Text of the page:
We define colors with strings. There are several standard colors like blue, red, and green. The list of standard colors is  in the Tk documentation You can also  define a color by a hex description of RGB in the form of #rrggbb, such as #ff0000 for red.

Setting Options with Configure

We have been setting options for the button in one long string of options. That can get confusing very quickly. We can use the configure method to clean this up a bit. Change the code for button1 to this:

button1 = Button(rootframe, text = 'color')
button1.configure(background = 'blue')

Now run this, and we will find no change.
Screenshot 2014-04-13 21.06.14

Let’s add another configure method:

button1 = Button(rootframe, text = 'color')
button1.configure(background = 'blue')
button1.configure(activebackground = 'blue', activeforeground = 'white')

This code doesn’t seemingly change anything, but moves your cursor over the button. The background remains blue, but the text changes to white.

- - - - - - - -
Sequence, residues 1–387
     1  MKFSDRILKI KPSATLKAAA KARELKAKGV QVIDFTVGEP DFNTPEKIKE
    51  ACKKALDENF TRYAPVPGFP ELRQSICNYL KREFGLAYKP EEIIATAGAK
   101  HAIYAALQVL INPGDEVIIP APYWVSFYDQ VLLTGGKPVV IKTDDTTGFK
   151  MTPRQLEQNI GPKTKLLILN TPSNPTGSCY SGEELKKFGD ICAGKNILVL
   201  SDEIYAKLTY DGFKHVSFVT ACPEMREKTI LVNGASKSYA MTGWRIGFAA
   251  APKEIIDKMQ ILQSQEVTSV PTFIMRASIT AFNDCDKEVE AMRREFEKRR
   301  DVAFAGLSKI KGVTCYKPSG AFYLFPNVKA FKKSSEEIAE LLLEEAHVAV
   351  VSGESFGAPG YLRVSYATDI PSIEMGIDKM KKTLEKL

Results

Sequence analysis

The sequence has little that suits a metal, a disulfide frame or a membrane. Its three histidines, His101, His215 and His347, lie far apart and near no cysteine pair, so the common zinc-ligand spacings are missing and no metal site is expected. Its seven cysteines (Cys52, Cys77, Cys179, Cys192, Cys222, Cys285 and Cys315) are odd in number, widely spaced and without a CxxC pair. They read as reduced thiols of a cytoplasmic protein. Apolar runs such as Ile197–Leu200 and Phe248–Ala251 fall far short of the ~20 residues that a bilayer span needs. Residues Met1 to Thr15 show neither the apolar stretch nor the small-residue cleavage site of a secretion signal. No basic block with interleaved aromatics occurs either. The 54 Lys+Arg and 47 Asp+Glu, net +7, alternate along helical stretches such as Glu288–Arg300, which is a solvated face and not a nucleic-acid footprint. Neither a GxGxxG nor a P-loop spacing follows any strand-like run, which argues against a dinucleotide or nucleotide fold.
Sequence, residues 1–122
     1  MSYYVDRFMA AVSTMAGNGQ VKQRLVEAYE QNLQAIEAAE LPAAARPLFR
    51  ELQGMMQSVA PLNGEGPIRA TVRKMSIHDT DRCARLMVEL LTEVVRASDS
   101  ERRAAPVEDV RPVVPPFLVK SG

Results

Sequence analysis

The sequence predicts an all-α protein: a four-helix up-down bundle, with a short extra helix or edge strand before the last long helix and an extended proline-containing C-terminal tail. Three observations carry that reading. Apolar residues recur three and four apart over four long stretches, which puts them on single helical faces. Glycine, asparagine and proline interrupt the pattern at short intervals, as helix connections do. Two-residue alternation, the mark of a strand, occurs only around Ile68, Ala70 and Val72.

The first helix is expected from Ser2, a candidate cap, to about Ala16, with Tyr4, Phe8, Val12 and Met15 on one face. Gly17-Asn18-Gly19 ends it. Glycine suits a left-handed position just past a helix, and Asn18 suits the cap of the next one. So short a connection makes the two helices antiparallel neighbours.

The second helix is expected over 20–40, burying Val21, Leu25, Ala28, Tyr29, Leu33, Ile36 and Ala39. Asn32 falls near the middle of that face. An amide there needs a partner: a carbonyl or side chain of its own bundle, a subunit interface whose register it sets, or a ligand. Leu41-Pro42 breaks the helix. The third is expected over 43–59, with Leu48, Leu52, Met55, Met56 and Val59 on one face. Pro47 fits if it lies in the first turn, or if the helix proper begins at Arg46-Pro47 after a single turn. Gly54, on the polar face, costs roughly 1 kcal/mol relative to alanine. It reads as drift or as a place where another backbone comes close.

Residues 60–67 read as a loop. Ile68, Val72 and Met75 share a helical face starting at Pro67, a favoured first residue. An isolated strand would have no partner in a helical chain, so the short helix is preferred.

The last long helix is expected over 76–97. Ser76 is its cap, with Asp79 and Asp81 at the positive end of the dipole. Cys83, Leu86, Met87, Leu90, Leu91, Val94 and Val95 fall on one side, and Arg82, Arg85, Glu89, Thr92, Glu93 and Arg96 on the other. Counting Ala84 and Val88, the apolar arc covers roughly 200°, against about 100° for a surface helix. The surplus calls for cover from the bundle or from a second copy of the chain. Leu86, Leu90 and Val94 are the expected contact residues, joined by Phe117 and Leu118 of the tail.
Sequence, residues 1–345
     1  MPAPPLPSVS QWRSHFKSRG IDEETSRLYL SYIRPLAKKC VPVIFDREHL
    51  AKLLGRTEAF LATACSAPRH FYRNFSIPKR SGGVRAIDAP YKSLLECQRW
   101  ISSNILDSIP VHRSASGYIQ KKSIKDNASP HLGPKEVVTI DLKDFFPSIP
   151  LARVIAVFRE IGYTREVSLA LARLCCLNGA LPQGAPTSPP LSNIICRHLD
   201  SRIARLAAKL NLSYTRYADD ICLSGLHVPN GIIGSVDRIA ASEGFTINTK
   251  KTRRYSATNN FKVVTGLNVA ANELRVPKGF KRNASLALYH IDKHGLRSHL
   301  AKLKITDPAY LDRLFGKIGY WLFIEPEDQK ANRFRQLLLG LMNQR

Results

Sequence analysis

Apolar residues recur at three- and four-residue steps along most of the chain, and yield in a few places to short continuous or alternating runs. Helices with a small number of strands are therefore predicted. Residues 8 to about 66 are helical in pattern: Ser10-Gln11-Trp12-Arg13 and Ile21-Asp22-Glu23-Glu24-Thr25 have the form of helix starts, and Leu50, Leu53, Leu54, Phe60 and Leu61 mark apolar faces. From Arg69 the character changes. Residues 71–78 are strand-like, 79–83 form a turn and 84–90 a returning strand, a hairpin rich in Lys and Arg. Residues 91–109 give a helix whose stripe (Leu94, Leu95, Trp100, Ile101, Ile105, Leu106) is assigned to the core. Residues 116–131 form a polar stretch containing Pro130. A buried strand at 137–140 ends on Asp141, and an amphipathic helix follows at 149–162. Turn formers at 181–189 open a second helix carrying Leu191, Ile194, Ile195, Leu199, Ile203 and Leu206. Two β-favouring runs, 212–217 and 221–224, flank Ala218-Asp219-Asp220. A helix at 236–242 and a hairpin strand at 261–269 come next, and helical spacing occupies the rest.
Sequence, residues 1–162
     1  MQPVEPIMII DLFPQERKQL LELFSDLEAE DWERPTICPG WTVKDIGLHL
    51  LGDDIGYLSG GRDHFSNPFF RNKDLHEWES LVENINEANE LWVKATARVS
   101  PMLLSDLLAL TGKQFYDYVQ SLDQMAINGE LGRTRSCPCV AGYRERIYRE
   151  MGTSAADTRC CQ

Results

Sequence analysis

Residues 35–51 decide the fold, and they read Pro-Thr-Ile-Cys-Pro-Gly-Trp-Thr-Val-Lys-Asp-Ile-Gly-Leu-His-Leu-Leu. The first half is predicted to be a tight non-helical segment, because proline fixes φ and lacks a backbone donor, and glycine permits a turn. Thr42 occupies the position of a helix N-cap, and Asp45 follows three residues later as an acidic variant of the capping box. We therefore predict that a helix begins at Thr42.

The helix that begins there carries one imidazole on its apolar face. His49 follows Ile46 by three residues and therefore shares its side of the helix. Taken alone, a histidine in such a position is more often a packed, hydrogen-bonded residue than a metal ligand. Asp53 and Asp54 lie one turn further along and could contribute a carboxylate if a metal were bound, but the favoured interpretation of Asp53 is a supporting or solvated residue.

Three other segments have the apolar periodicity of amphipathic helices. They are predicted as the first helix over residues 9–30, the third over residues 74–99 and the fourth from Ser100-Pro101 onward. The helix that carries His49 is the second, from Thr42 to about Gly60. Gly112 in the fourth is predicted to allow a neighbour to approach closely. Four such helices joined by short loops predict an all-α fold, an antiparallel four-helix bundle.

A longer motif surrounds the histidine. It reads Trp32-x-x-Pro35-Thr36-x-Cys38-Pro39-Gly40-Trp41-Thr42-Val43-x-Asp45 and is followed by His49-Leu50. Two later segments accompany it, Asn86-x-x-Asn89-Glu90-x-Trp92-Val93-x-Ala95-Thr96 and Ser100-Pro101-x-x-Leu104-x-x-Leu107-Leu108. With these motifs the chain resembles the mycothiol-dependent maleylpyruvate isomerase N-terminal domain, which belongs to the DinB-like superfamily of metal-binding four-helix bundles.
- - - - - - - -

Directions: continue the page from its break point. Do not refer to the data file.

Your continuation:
Make a Rainbow of Buttons

Now modify the code for button1 to the following:

#make buttons
colors = ('red','orange','yellow','green','blue','violet')
col=0
for color in colors:
    button1 = Button(rootframe, text = color)
    button1.grid(row = 0, column = col)
    button1.configure(background = color )
    button1.configure(activebackground = color, activeforeground = 'white')
    col=col+1

What we do here is create a immutable list of colors called a tuple. We then use a for loop to loop through the colors setting the button colors to each color in the tuple. We also created a variable col, which counts columns and places our button in the next column. Run this code, and you should see:
Screenshot 2014-04-13 21.45.42

Play with the buttons a bit, and you will see the buttons highlight with white text when you put your mouse cursor over them. However clicking the buttons doesn’t do anything. Let’s change that, by changing the color of the quit button when we click a button.